A body can radiate or absorb energy in whole number multiples of quantum hn, 2hν,3hν………..nhν, where n is the positive integer.
Bohr’s atomic model:
- Electrons revolve around the nucleus in circular orbits of fixed energy.
- Electron revolve only in those orbits whose angular momentum (mvr) is an integral multiple of h/2Π.
- Electron absorbs energy in the form of EMR, when it jumps from lower energy level (ground state) to higher energy level (excited state) and vice-versa.
- Energy absorbed or released in an electron jump, (dE) is given by dE = E2 – E1 = hν
- Energy of stationary state oh hydrogen atom (En) = -RH (1/n2)
- For an hydrogen like species i.e. He+, Li2+ with atomic number Z
- Radius of nth orbit (rn ) = 52.9 × n2/z pm
- Energy of nth orbit (En) = -2.18×10-18(Z2/n2) = –13.6 ×(Z2/n2) eV = 313.6 ×(Z2/n2) kcal /mole
- Velocity of electron (v) = (2.18 ×108 ) z/n cms-1
- Where n = 1,2,3,4…
Limitations of Bohr’s theory:
- Failed to explain the spectra of atoms having more than one electron.
- Failed to account for the splitting of spectral line source of a spectrum is placed in a strong magnetic or electric field.
- Dual nature of particle and the uncertainty principle was ignored in the Bohr’s atomic model.
de- Broglie equation:
λ = h/mv = h/p
Heisenberg’s uncertainty principle:
It is impossible to determine simultaneously, the exact position and exact momentum of an electron.
Principal quantum number (n):
- It tells the main shell in which the electron resides and the approximate distance of the electron from the nucleus.
- Maximum number of electrons a shell can accommodate is 2n2.
Azimuthal or angular momentum quantum number (l):
- It represents the number of subshells present in the main shell.
- These subsidiary orbits within a shell will be denoted as s,p,d,f…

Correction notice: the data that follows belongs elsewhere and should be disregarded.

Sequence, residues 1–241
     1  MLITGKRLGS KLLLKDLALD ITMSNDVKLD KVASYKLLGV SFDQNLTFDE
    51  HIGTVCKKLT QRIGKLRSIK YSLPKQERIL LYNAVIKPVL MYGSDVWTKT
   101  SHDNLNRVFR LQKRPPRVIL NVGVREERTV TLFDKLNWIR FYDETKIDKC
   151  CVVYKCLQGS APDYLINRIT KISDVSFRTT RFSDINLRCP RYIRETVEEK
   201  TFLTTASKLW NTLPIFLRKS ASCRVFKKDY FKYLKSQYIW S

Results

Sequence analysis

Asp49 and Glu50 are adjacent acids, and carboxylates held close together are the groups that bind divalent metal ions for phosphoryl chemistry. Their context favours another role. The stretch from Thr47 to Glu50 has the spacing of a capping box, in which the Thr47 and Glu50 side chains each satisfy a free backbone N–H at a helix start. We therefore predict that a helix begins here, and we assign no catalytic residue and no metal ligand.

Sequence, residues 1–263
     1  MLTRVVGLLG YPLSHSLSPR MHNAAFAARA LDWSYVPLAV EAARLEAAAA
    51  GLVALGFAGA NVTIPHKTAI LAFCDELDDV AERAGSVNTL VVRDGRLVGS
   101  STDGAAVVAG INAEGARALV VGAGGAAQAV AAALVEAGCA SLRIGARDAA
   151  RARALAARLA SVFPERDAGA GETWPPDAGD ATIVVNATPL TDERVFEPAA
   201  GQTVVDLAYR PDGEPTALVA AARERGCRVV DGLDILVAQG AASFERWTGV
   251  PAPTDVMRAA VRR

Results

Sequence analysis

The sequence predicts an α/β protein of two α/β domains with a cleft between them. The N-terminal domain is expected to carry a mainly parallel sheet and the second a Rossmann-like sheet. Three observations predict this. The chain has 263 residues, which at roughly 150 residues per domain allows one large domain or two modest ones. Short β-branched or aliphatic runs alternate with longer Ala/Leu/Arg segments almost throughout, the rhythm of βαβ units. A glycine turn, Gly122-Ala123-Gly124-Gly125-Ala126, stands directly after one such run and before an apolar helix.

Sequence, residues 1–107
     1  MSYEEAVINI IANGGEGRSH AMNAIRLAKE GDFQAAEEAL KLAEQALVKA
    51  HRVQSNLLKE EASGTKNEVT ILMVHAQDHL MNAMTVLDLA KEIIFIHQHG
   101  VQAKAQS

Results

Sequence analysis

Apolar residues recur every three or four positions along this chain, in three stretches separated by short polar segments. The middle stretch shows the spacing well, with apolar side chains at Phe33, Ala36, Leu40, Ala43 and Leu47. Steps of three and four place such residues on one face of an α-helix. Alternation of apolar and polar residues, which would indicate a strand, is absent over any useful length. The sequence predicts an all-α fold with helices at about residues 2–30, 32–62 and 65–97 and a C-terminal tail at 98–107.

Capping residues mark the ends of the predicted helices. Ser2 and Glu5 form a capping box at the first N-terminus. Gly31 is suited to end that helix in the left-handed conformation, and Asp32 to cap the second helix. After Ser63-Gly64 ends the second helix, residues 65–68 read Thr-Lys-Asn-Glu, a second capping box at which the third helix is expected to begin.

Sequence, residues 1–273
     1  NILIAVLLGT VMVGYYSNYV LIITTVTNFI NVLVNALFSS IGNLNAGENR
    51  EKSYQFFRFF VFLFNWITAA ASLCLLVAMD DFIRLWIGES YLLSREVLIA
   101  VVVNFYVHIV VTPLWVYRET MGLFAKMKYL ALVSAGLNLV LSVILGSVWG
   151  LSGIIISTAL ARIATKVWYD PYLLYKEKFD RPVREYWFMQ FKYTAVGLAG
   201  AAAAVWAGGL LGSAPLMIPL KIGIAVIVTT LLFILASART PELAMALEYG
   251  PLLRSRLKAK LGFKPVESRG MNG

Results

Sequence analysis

- This tells the shape of the subshells.
- For a given value of n, there are n possible values of l starting from 0 to (n-1)
Value of l
Notation of sub shell
The magnetic quantum number (m):
- It determines the number of preferred orientations of the electron present in a subshell.
- For a given value of l, there are (2l+1) possible values of m starting from –l to +l.
Value of l
Notation of sub shell
Values of m
The spin quantum number (s)
- It determines the direction of spin of electron in an orbit.
- There are only two possible values for spin quantum number i.e. -1/2 ,+1/2.
RULES FOR FILLING OF ELECTRONS IN VARIOUS ORBITALS
- Electrons are added one by one to the various orbitals in order of their increasing energy starting with the orbital of lowest energy.
- In neutral isolated atom, the lower the value of (n+ l) for an orbital, lower is its energy
- The increasing order of energy of various orbital is : 1s < 2s < 2p < 3s < 3p < 4s < 3d < 4p < 5s < 4d < 5p < 6s < 4f < 5d .
Pauli’s Exclusion principle:
An orbital can contain a maximum number of two electrons and these two electrons must be of opposite spin.
Hund’s rule of maximum multiplicity:
Electron pairing in p, d and f orbital cannot occur until each orbital of a given subshell contains one electron each or is singly occupied”.
Stability of half filled and completely filled orbitals
Cu has 29 electrons. Its expected electronic configuration is
1s2, 2s2, 2p6, 3s2, 3p6, 4s2, 3d9
But a shift of one electron from lower energy 4s orbital to higher energy 3d orbital will make the distribution of electron symmetrical and hence will impart more stability.
Thus the electronic configuration of Cu is
1s2, 2s2, 2p6, 3s2, 3p6, 4s1, 3d10
Fully filled and half filled orbitals are more stable